This week, SBA Acting Administrator Jeanne Hulit took part in a White House Tribal Nations Conference, where the administration works together to strengthen government-to-government relationships with Indian Country and Tribal governments. Acting Administrator Hulit participated in a discussion on how SBA can support Native American communities in the United States. And John Shoraka, SBA Associate Administrator, Office of Government Contracting and Business Development, led a roundtable discussion on our Agency’s 8(a) Business Development Program at the Native American Contractors Association’s first annual conference.

In fiscal year 2013, SBA supported nearly $100 million in lending to Native American businesses, and we counseled and trained more than 12,500 Native American small business owners in the first three quarters of 2013 alone.

Through SBA’s Native American Emerging Leaders and Native American Entrepreneurial Empowerment Workshops, we’ve trained more than 400 Native American entrepreneurs and businesses owned by American Indian tribes, Alaska Native Corporations and National Hawaiian Organizations nationwide. And the accomplishments don’t end there. Moving forward, we will continue to improve access to capital, to technical assistance and to procurement programs for Native American-owned small businesses. We are expanding our entrepreneurial development workshops for Native Americans to reach even more rural reservation communities.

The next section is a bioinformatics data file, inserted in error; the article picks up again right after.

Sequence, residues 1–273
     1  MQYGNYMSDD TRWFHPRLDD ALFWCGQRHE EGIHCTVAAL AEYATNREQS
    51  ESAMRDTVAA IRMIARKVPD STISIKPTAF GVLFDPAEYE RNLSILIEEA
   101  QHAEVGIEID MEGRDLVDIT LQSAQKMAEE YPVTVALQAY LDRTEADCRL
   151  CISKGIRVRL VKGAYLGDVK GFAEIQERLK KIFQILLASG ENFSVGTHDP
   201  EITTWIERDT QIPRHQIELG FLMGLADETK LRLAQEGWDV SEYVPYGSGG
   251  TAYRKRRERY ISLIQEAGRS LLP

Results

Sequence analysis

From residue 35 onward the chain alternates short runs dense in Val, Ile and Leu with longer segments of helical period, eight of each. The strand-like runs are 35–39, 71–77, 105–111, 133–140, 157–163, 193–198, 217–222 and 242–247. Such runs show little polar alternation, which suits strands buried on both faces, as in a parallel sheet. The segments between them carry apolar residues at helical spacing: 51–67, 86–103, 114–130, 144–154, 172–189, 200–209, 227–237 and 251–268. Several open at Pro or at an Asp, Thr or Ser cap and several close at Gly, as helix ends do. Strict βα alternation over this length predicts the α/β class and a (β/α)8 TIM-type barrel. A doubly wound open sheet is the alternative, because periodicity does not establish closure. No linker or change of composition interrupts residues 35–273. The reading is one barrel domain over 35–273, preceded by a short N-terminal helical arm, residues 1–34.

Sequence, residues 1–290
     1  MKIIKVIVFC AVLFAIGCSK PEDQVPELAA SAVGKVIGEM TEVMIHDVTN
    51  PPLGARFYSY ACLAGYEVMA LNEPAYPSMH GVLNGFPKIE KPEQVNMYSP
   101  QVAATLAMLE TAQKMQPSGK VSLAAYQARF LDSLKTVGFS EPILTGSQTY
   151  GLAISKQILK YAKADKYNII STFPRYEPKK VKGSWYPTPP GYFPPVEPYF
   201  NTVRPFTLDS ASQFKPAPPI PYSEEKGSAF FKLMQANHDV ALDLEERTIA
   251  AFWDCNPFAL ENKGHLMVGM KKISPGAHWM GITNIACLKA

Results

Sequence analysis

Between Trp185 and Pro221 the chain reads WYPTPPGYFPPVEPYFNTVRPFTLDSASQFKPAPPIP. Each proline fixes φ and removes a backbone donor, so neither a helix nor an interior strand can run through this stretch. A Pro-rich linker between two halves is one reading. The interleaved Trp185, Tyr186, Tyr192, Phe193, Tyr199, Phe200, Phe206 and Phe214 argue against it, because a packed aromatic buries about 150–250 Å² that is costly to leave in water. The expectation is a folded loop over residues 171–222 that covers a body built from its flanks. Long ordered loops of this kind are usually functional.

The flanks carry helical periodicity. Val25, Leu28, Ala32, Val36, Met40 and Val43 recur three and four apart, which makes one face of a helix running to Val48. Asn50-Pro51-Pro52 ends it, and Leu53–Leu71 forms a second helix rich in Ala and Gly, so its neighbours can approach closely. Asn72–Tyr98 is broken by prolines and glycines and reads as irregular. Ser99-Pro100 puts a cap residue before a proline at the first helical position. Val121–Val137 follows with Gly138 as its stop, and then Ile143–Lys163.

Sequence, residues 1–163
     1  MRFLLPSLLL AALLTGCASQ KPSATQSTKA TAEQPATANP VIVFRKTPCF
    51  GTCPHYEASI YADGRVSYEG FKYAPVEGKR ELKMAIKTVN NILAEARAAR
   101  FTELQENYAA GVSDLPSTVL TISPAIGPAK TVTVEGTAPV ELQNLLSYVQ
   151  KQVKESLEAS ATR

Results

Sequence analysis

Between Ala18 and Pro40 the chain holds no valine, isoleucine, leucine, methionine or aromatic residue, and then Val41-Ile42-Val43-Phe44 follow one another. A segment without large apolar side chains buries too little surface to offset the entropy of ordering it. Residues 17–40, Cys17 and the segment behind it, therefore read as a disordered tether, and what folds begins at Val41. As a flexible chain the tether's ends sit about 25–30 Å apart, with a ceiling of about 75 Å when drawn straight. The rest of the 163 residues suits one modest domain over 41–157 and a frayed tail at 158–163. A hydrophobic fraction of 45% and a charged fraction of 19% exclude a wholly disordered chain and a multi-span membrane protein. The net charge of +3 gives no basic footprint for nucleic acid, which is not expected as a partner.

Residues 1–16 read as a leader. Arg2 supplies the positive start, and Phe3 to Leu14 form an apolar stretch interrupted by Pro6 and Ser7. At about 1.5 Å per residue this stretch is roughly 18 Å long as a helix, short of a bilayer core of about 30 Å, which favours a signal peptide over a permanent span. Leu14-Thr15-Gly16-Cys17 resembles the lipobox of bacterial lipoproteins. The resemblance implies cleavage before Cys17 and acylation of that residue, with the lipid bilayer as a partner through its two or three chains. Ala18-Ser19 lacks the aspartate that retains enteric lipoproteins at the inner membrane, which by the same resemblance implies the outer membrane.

We plan to hold roundtables and listening sessions with lenders and native community stakeholders to improve lending practices and assist in access to capital for reservation-based small businesses; host webinars with Native Community Development Financial Institutions (CDFIs) to promote SBA’s microloan and community advantage lending programs; and hold webinars and outreach events focused on exporting for tribes and Native American-owned small businesses.

And later this month, SBA will introduce a new online contracting course to help “Entity-Owned” small businesses through SBA’s 8(a) Business Development Program.

SBA has been at the foreground of helping to bridge the gap for Native American-owned small businesses to ensure that they start, grow and succeed. We will continue to support our Native American small businesses and tribal enterprises by providing the resources that support economic development and growth in our communities.

Energize your Thanksgiving Day with Feng Shui Tips

November 18, 2013 By: admin Category: Consumer Education

By Yvonne Phillips FSII

The very first Thanksgiving Day event was not considered an event, it was a happening! Everyone came together and brought their best displays of food and sat down for a meal that provided them with soul comfort and celebration for the end of the harvest season.